verb (used with object), in·ca·pac·i·tat·ed, in·ca·pac·i·tat·ing.

to deprive of ability, qualification, or strength; make incapable or unfit; disable.
Law. to deprive of the legal power to act in a specified way or ways.

Origin of incapacitate

First recorded in 1650–60; incapacit(y) + -ate1
Related formsin·ca·pac·i·ta·tion, noun

Synonyms for incapacitate Unabridged Based on the Random House Unabridged Dictionary, © Random House, Inc. 2019

Examples from the Web for incapacitate

Contemporary Examples of incapacitate

Historical Examples of incapacitate

  • He should be able to incapacitate two or three and break out.

    Monkey On His Back

    Charles V. De Vet

  • There's a break in sanitation that could incapacitate your whole command.

    The Lani People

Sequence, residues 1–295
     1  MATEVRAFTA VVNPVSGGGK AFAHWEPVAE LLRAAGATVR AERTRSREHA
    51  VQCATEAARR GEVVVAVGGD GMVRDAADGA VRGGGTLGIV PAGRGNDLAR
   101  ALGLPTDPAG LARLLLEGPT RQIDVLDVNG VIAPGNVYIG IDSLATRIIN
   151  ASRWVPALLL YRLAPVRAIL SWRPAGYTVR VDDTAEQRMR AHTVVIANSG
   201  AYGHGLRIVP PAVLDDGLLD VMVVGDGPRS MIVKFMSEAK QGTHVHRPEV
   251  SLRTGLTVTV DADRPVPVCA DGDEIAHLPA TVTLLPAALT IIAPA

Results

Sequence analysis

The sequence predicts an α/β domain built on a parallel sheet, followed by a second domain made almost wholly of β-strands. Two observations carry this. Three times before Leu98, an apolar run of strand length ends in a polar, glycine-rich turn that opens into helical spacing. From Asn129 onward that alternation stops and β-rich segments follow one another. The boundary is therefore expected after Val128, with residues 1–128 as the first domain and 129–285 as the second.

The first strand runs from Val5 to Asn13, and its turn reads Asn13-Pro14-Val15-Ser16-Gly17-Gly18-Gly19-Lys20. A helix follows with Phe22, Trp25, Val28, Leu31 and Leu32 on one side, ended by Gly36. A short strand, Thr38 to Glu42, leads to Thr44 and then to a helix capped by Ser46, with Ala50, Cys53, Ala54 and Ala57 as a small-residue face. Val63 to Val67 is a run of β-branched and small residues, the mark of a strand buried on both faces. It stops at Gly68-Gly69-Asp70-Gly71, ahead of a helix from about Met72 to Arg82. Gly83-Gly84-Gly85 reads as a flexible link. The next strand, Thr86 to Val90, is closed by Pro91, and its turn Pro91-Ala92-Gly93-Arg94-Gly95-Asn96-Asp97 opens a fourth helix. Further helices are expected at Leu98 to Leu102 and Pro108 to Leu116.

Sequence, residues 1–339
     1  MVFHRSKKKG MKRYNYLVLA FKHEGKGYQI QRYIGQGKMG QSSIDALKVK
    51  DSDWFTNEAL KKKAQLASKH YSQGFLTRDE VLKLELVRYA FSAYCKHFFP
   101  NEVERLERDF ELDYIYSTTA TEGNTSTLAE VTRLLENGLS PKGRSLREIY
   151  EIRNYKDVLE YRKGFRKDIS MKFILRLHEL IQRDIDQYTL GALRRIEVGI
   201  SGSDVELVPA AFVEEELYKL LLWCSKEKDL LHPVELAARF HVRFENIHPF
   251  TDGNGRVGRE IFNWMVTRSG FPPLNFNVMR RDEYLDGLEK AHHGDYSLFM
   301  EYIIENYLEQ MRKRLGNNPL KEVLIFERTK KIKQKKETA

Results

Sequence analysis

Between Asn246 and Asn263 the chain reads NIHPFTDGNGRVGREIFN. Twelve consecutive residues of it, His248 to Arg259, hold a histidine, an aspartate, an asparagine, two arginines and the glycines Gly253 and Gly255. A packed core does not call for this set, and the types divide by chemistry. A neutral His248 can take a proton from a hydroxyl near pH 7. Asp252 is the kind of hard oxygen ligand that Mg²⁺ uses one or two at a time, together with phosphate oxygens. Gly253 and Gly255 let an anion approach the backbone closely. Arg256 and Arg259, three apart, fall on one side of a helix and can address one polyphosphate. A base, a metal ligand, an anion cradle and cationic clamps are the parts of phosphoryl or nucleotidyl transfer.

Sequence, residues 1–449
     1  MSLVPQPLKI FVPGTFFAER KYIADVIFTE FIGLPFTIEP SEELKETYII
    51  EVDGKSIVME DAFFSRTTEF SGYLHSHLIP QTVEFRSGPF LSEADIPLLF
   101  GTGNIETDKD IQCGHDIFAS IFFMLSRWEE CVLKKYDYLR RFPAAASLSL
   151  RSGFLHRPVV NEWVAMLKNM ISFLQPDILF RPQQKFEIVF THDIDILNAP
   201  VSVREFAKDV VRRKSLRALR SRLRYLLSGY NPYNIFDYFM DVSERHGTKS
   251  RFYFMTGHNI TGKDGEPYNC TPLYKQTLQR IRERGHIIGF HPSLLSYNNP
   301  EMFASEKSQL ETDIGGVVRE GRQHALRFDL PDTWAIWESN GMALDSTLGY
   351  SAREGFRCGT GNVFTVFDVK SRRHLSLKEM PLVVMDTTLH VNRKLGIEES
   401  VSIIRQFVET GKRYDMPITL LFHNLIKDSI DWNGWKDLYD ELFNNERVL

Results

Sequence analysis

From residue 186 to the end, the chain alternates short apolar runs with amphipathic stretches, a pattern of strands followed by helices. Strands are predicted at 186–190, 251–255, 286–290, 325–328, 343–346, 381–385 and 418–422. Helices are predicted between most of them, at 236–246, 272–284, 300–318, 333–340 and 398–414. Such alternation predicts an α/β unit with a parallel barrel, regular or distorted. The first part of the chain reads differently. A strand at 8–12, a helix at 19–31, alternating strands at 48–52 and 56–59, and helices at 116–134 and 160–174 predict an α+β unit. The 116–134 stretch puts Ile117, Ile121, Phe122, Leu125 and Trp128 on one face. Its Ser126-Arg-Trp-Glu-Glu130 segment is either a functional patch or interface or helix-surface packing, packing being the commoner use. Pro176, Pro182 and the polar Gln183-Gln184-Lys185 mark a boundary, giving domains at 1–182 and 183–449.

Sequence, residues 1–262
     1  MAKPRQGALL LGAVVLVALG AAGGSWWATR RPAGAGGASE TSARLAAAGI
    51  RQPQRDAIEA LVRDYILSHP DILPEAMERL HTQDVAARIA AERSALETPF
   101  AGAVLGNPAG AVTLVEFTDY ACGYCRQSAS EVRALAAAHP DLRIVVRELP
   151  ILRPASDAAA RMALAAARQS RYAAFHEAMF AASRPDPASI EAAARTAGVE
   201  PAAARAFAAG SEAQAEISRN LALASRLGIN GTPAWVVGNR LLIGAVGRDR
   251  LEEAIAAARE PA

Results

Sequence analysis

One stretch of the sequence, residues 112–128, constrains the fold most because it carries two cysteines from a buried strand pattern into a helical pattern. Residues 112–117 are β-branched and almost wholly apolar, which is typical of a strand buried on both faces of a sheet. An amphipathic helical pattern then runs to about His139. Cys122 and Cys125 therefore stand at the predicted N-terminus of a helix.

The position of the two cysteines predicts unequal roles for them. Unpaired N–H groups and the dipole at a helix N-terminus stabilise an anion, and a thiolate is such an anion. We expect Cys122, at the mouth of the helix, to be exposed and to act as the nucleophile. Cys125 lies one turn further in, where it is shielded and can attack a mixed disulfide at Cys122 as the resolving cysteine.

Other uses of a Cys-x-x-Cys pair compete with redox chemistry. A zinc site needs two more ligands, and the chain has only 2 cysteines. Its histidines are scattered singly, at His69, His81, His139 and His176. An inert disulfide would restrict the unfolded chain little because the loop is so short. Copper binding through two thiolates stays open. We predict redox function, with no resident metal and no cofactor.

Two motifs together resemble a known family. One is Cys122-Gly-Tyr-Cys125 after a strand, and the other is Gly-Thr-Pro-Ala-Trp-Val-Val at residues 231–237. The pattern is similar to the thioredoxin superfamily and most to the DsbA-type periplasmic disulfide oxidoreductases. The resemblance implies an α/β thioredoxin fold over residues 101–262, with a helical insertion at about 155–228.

J. F. Bone

  • A few years' knowledge of other countries than our own will not incapacitate me for that part.

  • If it did not incapacitate him for action, he held it of no account.

    Glimpses of Three Coasts

    Helen Hunt Jackson

  • Why should there be such things as headaches, to incapacitate a man from work?

    The Admiral

    Douglas Sladen

British Dictionary definitions for incapacitate


verb (tr)

to deprive of power, strength, or capacity; disable
to deprive of legal capacity or eligibility
Derived Formsincapacitation, noun
Collins English Dictionary - Complete & Unabridged 2012 Digital Edition © William Collins Sons & Co. Ltd. 1979, 1986 © HarperCollins Publishers 1998, 2000, 2003, 2005, 2006, 2007, 2009, 2012

Word Origin and History for incapacitate

1650s, from incapacity + -ate. Related: Incapacitated; incapacitating.

Online Etymology Dictionary, © 2010 Douglas Harper